'There is no prescribed from for warrant under S. 5 and S. 5 does not require the Magistrate to record anywhere his reasons for believing any information the policy may have given him nor even the fact that he had reason to believe that any place used as a common gaming house, and all that it requires is that the Magistrate shall have reason to believe that if he has, he can issue his warrant not in any particular from but his warran giving authority to the police officer to do certain things.'
(14) Relying upon a decision in K. Dhanarao, 1954-2 Mad LJ 618, Mr. K. Ramachandra Rao, the learned Counsel for the accused, contended that the practice prevailing in the High Court of Madras was not to punish the accused merely on the presumption under Section 6. It is no doubt true that Somasundaram, J., makes a reference to such a practice and observes that unless there is something more in addition to the presumption, it has been the practice of that Court not to punish the accused under the Act. It is difficult to lay down as a broad principle that in no case merely on the presumption arising under Section 6 the accused cannot be punished. It may be that in some cases in view of the peculiar facts and circumstances of that case it would not be safe to convict the accused merely on the ground of presumption which Section 6 raises. But that is different than saying that the practice or policy informly to be allowed is not to convict the accused merely on the ground of presumption. If there are enough grounds to convice the accused, the Act does not prohibit conviction on the basis of such presumption. It would be in my opinion perfectly valid if conviction is based on the presumption which law allows to make. That this is so is abundantly clear from the various decisions considered by me in this judgment.
(15) The other case to which my attention was drawn in N.K.P. Thirupathi Chettiar, In re, (1 of compensa 540). What it lays down is that before making a raid the Deputy Superintendent of Police should be satisfied that the place is used as a common gaming house. That decision does not say anything more than what Section 5 itself says. If the Deputy Superintendent of Police has reason to believe that any place is used as a common gaming house, he can certainly himself raid the premises instead of issuing a warrant. That decision also supports the view that the instruments of gaming seized during such a raid would be evidence under Section 6 of the Act.
(16) That the view which I have expressed is correct is supported by a recent decision of the Madras High Court. In Palanisamy, In re, 1964-1 Mad LJ 404 M. Anantanarayanan, J., held:
'Where a warrant issued by a competent authority states that 'on due enquiry' he has been 'led to believe' that the house was used as a common gaming house, it is adequate compliance with the requirements of section 5 of the Madras Gaming Act. No further evidence that the warrant was issued on proper information is necessary.'
(17) On a consideration of Sections 5 and 6 of the Act and the decisions referred to above I find no difficulty in holding that it is not open to the Court to substitute its satisfaction to that of the Deputy Superintendent of Police. It is his subjective satisfaction and the Court cannot enquire into as to what material or information he had before he conducted that search, nor is it permissible to make an enquiry in regard to the sufficiency or otherwise of the information on the basis of which he conducted the search. What the Deputy Superintendent of Police has to do is to ascertain certain facts which satisfy him or entitle him to form an opinion that there is reasonable cause to believe that a place is run as a common gaming house. In the process of satisfying himself he can obtain information in any way he thinks bet. Whether he is so satisfied or not is a matter purely left to him. Assuming always of course that he acts bona fide he is the d in the nexf the material which persuaded him to form an opinion that a place is run as a common gaming house. The section leaves peculiarly that decision to the Deputy Superintendent of Police. No objective test in that regard is either permissible or possible. In making his decision he may obviously test in that regard is either permissible or possible. In making his decision he may obviously be guided b his own views as to whether there is enough material to reach the conclusion to which he has reached. He cannot be confined to a particular course or form of enquiry or any standard of proof or evidence. He may have and is entitled to have present I his mind his own views as well as the material which reached him. In this view of the matter the conclusion of the learned Magistrate becomes bad in law.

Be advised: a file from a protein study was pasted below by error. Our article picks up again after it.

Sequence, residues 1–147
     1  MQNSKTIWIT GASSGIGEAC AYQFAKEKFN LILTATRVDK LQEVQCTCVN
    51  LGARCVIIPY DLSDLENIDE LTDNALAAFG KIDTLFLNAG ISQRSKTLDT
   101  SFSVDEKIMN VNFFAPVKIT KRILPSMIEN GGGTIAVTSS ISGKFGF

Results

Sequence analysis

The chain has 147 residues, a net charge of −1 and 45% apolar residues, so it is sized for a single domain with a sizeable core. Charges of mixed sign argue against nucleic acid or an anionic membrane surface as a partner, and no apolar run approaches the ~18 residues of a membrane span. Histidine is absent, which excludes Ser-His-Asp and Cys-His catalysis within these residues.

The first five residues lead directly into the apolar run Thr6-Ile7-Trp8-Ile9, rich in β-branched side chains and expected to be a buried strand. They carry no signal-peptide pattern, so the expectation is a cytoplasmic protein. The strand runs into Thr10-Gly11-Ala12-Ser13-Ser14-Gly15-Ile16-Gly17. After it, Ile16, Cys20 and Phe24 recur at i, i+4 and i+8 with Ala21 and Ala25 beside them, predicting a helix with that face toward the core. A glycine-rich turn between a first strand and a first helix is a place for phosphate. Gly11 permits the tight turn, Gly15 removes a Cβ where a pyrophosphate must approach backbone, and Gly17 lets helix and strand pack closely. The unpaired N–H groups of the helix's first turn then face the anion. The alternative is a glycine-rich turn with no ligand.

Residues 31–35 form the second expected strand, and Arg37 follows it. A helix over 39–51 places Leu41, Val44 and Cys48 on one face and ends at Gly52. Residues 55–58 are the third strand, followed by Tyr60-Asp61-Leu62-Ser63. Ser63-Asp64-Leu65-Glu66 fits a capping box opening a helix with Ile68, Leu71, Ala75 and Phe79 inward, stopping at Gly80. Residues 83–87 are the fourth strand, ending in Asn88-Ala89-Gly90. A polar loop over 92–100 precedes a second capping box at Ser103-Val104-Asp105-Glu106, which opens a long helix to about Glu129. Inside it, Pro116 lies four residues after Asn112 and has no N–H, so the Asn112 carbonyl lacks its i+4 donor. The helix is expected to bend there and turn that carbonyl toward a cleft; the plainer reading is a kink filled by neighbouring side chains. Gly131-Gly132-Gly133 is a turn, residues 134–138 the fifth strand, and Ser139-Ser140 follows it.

(18) Even otherwise I am satisfied that there was abundant material before the Deputy Superintendent of Police which could easily lead any reasonable man to believe that the Jolly Club is used as a common gaming house. It is relevant in this connection to note the evidence of P.W. 1 He makes a reference to earlier cases, C. Cs. 612 to 1963 wherein the accused in that case were convicted and sentenced to pay a fine. He also referred in the evidence given by A-10 in C.C. No. 42 of 1962 on the file of the .A.D.M.M., Tanuku as P.W.7, wherein he had made a confession that he was getting profits out of the Club in question. He also says that a regular watch was kept on this Club and its information was given to C.W.1,. C.W.1 no doubt in his evidence says that he did not verify the information and that he had no documentary evidence or record to show that he got that information. That is however not to say that C.W. 1 did not have the information passed on to him by P.W. 1. That material in my view was enough for the Deputy Superintendent of Police to conduct a raid as he did under Section 5 of the Act. It would be plain from what is stated above that as the search warrant was issued and as the raid is not attacked on I91of mala fide, what must follow is that the articles found in search are clear evidence that the Club is used as a common gaming house, and according to the definition of that term the presumption will follow that the Club was making profit out of it. It must also have to be presumed that the persons found playing cards there viz., A-1 to A-8, were present there for the purpose of gaming.
(19) The only question left for consideration is whether this is a fit case in which on the basis of the presumption under section 6, I should convict A-9 and A-10 under Section 8 and A-1 to A-8 under Section 9 of the Act. Apart from this presumption it is clear from the evidence of P.Ws.1 AND 2 that at the time when the raid was conducted A-1 to A-8 threw the cards and got up with a view to conceal the fact that they are playing with stakes. Tokens and money also were found with them. In view of this evidence coupled with the presumption I think the irresistible conclusion is that the accused Nos. 9 and 10 being the Secretary and the President of the Club are guilty for the offence under Section 8 of the Act for using the Club as a common gaming house and A-1 to A-8 are guilty of the offence under Section 9 of the Act. I would therefore for the reasons stated above allow these appeals, set aside the judgment of the trial Court and sentence the accused to pay a fine of Rs.15 each under the Sections mentioned above, or undergo simple imprisonment for one week failing to pay the fine. The money seized will be forfeited under Section 10 of the Act.
(20) Appeals allowed.